A Better Way to Predict Complex Genotypes with Limited Data
by Adrienne Mueller, PhD
October 20, 2023
Our immune system protects us from pathogens like viruses and bacteria, but it can also cause significant problems. Our immune system’s job is to recognize foreign material in our bodies and initiate processes to clear it. This is almost always desirable, but a primary case where it’s a problem is after tissue transplants. We want our bodies to respond to the new tissue as though it belongs to our own bodies, but our immune system is designed to flag new tissue as ‘foreign’ and activate processes to remove it. One family of genes that is especially important for the immune system’s identification of tissue as host or foreign is the human leukocyte antigen (HLA) locus. The HLA genetic locus is the most polymorphic region of the human genome and it encodes the HLA proteins responsible for presenting antigens (pieces of foreign material) that would trigger an immune response.
The HLA locus is extremely diverse – which helps us identify, present, and respond to a wide range of pathogens. The variability of alleles at the HLA locus is also one of the challenges we face in trying to reduce immune responses to new tissue in transplants. The expression of HLA genes is dynamically regulated and the expression of individual alleles – different versions of the gene – can also be highly variable. For example, the expression of a specific allele can change over time. Previous studies have shown that at any given point in time, most cells are expressing either one allele or the other of the two copies present on our pair of chromosomes. However, because the HLA genes are so extremely variable, it has been challenging to compare the result of HLA expression in new single cell sequencing studies to the large sets of publicly-available sequencing data. This challenge is exacerbated by the fact that individual cells used in single cell sequencing studies often don’t express HLA genes at a high enough level to allow genotyping.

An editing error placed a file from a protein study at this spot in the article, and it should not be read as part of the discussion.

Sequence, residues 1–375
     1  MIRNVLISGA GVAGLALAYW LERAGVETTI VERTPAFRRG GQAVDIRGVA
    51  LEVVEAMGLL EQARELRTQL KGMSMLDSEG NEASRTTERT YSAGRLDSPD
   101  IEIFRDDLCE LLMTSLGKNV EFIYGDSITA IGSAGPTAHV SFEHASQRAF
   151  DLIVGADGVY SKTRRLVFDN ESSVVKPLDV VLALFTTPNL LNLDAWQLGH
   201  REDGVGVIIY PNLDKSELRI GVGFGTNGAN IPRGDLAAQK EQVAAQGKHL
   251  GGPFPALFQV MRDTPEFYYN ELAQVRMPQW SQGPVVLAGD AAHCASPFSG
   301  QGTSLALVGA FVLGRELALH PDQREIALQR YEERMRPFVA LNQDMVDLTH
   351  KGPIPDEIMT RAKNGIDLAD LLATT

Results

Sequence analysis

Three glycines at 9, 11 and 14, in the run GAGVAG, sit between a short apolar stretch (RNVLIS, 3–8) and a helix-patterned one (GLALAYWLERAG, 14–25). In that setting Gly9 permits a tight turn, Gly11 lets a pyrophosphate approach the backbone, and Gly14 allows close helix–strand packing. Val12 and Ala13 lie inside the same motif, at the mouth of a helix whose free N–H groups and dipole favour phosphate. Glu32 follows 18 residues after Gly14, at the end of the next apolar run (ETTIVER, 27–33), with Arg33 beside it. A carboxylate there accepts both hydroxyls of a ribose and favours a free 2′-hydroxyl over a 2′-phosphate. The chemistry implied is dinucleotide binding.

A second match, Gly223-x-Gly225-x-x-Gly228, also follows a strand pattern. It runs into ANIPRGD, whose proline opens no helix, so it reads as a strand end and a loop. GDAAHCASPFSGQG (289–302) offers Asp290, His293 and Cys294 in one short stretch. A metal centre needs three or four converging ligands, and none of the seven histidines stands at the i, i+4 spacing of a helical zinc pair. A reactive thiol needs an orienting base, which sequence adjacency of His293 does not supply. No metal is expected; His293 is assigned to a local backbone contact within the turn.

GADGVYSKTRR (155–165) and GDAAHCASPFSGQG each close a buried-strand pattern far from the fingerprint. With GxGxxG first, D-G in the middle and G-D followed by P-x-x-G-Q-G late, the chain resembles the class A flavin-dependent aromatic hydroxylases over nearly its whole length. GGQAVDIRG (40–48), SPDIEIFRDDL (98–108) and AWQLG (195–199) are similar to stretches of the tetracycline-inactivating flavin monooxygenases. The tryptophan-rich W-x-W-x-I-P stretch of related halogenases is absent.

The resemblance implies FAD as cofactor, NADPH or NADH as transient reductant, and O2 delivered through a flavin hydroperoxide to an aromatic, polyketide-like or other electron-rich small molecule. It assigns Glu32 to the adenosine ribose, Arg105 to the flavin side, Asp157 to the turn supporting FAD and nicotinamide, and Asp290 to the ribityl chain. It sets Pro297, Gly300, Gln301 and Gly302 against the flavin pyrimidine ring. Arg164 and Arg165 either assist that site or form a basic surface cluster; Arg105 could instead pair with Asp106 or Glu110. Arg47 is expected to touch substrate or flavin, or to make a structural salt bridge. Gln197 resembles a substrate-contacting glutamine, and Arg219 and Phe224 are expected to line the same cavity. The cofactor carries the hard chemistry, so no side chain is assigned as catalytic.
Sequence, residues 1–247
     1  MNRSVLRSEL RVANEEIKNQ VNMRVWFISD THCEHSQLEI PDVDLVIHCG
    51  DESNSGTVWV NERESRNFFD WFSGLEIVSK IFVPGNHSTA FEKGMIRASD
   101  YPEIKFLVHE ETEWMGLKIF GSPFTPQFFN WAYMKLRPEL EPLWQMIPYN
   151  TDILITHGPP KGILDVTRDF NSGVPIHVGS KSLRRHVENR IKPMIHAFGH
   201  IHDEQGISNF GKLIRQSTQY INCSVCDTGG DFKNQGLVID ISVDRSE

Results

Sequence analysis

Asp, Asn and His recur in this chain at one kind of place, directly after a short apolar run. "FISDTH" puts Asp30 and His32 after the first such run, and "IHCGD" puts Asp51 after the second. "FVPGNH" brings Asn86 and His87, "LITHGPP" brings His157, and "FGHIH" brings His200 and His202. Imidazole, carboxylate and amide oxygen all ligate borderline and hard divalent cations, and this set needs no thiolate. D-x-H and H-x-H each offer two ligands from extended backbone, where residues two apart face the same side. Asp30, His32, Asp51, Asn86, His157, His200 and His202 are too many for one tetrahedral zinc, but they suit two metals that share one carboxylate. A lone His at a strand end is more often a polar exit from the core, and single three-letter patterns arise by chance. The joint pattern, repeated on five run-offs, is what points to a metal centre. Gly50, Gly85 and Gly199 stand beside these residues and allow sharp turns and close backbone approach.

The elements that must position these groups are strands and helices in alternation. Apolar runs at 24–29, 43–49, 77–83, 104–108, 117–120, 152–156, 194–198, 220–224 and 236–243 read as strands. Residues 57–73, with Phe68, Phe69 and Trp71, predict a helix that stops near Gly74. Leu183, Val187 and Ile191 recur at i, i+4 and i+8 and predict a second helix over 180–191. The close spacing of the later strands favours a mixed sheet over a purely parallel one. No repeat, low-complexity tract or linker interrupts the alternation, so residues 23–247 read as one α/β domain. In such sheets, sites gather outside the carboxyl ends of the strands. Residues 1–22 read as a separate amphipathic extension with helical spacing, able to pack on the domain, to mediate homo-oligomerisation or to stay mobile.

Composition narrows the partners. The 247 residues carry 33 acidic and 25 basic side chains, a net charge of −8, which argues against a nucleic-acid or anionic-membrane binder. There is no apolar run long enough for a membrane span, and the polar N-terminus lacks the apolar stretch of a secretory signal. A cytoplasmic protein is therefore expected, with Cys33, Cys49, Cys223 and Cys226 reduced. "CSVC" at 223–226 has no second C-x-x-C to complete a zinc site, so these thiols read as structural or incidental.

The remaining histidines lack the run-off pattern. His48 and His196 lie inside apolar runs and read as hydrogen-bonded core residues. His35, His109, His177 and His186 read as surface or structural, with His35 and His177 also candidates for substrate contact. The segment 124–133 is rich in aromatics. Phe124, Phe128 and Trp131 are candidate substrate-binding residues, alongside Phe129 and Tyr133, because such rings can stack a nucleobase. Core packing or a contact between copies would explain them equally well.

Recently, a team of Stanford researchers led by Ben Solomon, MD, PhD, and Purvesh Khatri, PhD developed a new tool to overcome this problem. As reported in Frontiers in Immunology, the investigators showed that data from single cell RNA sequencing studies can be pooled into ‘pseudobulk’ sequence files that can then be used to accurately predict HLA genotypes. They compared the accuracy of predictions from five computational HLA genotyping tools of single cell RNA sequencing data to a gold standard molecular genotyping tool, and then they used a composite of those tools to try and generate a maximally accurate prediction tool.
They showed that even if individual tools produced inaccurate genotypes; combining the data from several tools can still lead to an accurate HLA genotype prediction. This new tool will help ensure that precious single cell RNA sequencing data can be utilized more easily, and more informatively, especially for complex and variable genetic loci like HLA. Additionally, this study has laid the groundwork for future experiments to better understand the HLA locus, so we can develop better systems for avoiding tissue rejection in organ transplants.
Stanford Cardiovascular-Institute affiliated author Hong Zheng, PhD also contributed to this study.